Fair use on the Internet

Ever since the explosion of the web journalists who publish online have been facing the problem of content theft much more than their print counterparts.  With how easy it is to cut and paste almost anything off the web it is no wonder people are having trouble holding onto their work.  However, just because it is becoming more common doesn’t mean it is right.  I am not saying every writer who has information stolen directly from their story should jump to sue the appropriator, but their needs to be a understanding of fair use of content among writers in all publishing forums.

The example of the theft of Washington Post writer Ian Shapira’s light feature, on a “business coach” who teaches companies how to talk to different generations of consumers, by the Gawker is a good example to use when talking about who owns content and how fair use comes into play.  After reading the first article by Shapira, the Gawker’s version, and the Shapira’s rebuttal, I can understand why this would be so frustrating to journalists and publications alike.  Shapira put way more time and money into his story than the Gawker did; the Gawker just chewed it up and put their own spin on things.  Shapira and WaPo had every right to be upset over the infringement on copyright.  However, with the way the news is shifting to this gnarled form of recycled and renewed online style of journalism writers and editors need to find a better way than attacking individual cases to make a difference.

To help me to understand why the idea of fair use is so important to understanding who has the right to content I looked at a lot of long-winded ethics pieces and angry writers who had been ripped off rant until I came across an article by Zachary Seward, of the Neiman Journalism lab.  It is a short piece that looks at the same example and I feel it captures my beliefs on the matter exactly.

Many will agree that content is owned by the writer and publication of any particular story.  Whether it be a blog or the Washington Post, as ethically sound journalists we should understand that it is wrong to steal direct information from other stories.  However, with the rise of the abundance of information the internet offers it is very tempting for some to cut and paste their stories together from the work of other journalists.  Seward’s piece argues that we need to weigh standards in fair use when examining cases such as the Shapira vs. Gawker case.  Standards, such as the extent of use of original content in the republication, whether the reuse is unique or just blatant copying, or how the commercial market is affected for the original content, need to be taken into account when deciding what is fair use online.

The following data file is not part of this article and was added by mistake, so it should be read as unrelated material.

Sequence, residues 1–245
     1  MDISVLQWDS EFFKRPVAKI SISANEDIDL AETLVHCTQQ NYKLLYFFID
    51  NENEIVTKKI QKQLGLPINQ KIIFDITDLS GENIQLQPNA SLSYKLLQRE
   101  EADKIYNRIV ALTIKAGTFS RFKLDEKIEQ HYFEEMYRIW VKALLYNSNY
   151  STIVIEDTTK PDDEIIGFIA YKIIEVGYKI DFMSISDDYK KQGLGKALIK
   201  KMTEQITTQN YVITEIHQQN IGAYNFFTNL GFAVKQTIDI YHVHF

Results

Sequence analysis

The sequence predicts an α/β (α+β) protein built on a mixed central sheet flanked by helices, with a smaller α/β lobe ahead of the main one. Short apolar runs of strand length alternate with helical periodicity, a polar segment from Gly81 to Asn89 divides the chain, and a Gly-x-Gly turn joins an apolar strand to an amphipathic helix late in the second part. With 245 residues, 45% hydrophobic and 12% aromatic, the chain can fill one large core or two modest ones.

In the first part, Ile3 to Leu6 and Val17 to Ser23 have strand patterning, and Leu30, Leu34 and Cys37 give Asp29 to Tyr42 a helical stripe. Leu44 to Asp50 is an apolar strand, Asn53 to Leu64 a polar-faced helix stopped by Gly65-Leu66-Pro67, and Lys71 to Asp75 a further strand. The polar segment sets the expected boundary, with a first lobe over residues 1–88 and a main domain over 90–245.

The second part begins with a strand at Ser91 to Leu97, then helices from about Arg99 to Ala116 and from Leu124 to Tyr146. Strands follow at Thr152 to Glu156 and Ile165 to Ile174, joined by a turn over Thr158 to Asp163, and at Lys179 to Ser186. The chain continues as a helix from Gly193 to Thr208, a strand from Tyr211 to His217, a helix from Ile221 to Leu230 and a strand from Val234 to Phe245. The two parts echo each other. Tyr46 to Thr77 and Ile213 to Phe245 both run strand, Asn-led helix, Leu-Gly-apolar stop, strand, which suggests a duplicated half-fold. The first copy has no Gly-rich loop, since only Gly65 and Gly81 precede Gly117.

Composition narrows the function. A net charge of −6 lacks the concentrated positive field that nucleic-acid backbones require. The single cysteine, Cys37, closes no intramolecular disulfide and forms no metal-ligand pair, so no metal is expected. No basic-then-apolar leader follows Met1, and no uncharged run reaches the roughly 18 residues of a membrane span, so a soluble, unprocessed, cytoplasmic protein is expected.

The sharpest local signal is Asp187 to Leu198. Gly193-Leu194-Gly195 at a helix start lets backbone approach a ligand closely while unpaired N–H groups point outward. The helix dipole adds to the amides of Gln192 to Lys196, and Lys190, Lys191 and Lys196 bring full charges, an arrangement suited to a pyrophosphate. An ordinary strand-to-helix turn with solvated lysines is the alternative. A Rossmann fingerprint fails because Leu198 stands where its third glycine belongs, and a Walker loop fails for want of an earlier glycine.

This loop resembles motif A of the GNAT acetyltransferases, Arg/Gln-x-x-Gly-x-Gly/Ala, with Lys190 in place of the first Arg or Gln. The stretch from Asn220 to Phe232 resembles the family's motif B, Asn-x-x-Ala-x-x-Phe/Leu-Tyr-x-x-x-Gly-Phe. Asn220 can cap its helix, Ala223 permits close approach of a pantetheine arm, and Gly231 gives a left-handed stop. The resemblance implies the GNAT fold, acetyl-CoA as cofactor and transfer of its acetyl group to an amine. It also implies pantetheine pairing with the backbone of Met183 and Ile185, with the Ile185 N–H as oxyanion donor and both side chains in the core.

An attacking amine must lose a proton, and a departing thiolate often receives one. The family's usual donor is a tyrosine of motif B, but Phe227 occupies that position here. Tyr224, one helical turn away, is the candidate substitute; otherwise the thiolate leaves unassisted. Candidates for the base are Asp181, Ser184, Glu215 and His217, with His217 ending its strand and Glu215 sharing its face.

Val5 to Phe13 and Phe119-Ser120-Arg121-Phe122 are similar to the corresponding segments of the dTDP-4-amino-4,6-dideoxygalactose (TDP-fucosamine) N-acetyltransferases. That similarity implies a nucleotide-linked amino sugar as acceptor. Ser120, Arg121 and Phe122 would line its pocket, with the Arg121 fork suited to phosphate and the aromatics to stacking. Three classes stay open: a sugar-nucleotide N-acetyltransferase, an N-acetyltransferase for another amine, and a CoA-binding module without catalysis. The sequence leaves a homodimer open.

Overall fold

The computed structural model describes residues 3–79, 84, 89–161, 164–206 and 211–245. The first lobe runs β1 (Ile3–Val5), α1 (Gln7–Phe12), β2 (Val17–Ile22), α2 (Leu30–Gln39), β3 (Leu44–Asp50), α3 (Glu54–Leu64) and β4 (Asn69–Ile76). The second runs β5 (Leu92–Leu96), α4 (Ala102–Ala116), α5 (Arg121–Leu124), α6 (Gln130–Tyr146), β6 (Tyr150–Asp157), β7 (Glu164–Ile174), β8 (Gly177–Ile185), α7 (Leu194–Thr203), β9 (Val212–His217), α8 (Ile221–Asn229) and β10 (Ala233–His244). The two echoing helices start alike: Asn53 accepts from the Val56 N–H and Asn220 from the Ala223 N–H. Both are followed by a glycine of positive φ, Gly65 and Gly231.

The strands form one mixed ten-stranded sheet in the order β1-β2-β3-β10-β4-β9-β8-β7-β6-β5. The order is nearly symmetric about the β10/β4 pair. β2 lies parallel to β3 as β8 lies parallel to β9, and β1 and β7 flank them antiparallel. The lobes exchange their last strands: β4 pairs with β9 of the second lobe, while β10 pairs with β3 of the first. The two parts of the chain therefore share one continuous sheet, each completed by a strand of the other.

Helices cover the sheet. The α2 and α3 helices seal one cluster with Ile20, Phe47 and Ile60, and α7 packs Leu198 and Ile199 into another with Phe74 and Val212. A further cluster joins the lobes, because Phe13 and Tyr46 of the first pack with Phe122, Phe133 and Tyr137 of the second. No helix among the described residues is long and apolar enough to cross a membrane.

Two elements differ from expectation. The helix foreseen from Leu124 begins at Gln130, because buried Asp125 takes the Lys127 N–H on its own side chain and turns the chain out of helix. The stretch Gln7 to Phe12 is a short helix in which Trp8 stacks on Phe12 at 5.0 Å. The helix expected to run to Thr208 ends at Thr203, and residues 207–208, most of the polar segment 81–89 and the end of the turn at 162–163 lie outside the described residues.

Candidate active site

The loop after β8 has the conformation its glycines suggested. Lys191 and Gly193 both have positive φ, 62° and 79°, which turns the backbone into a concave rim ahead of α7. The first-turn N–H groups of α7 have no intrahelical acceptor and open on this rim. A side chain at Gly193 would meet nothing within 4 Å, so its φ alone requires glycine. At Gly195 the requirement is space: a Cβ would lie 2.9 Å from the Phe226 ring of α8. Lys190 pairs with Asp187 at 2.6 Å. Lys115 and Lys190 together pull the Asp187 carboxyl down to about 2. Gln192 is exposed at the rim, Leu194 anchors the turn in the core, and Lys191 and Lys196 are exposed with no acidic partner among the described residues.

By looking at each of these we can begin to think about fair use in the sense that sometimes when content is taken it can be used in such a way that the reused information can lead the reader in a completely different direction.  I don’t believe it is inherently bad to borrow quotes or basic facts from another story if you are not going to simply reiterate what the original writer said.

Looking at fair use this way in fact enhances the idea of interactive journalism.  If alternative viewpoints are being created and the writer is not simply stealing ideas to make their job easier then like C. W. Anderson, blogger of J-School, I see fair use as being a new form of ethics that is going to need to be embraced in the age of the Internet newsroom.  The movement of journalism to the Internet has been creating these types of dilemmas that organizations like the Associated Press, who has been having a lot of issues with copyright infringement, didn’t think about dealing with as predominately print mediums.  In the 21st century’s journalism things are constantly changing and as journalists we need to learn to adapt to these changes.  The news is switching from a lecture to a conversation and more often you are going to see someone tearing apart your work on a blog or posting your breaking news on his/her Twitter account.  This doesn’t mean that when someone blatantly steals your original writing (things besides quotes and facts in your story) that you should ignore it.  As journalists we have the right to protect our work.

However, as journalists we must also embrace the fact that the rules and ethics are going to have to be changed to keep up with the new mode of distribution.  Our job as writers is to stimulate the public into engaging with each other, to get people to talk about things.  In the past people stood around the water cooler and discussed the news, today people post on their blog what they think.

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